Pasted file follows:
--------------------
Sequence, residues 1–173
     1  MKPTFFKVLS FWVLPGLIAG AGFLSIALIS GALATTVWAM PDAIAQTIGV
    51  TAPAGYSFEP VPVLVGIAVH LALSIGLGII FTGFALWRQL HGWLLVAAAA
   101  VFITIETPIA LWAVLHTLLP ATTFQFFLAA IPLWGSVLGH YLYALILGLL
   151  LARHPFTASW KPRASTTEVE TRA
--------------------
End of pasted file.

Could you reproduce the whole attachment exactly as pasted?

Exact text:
Sequence, residues 1–173
     1  MKPTFFKVLS FWVLPGLIAG AGFLSIALIS GALATTVWAM PDAIAQTIGV
    51  TAPAGYSFEP VPVLVGIAVH LALSIGLGII FTGFALWRQL HGWLLVAAAA
   101  VFITIETPIA LWAVLHTLLP ATTFQFFLAA IPLWGSVLGH YLYALILGLL
   151  LARHPFTASW KPRASTTEVE TRA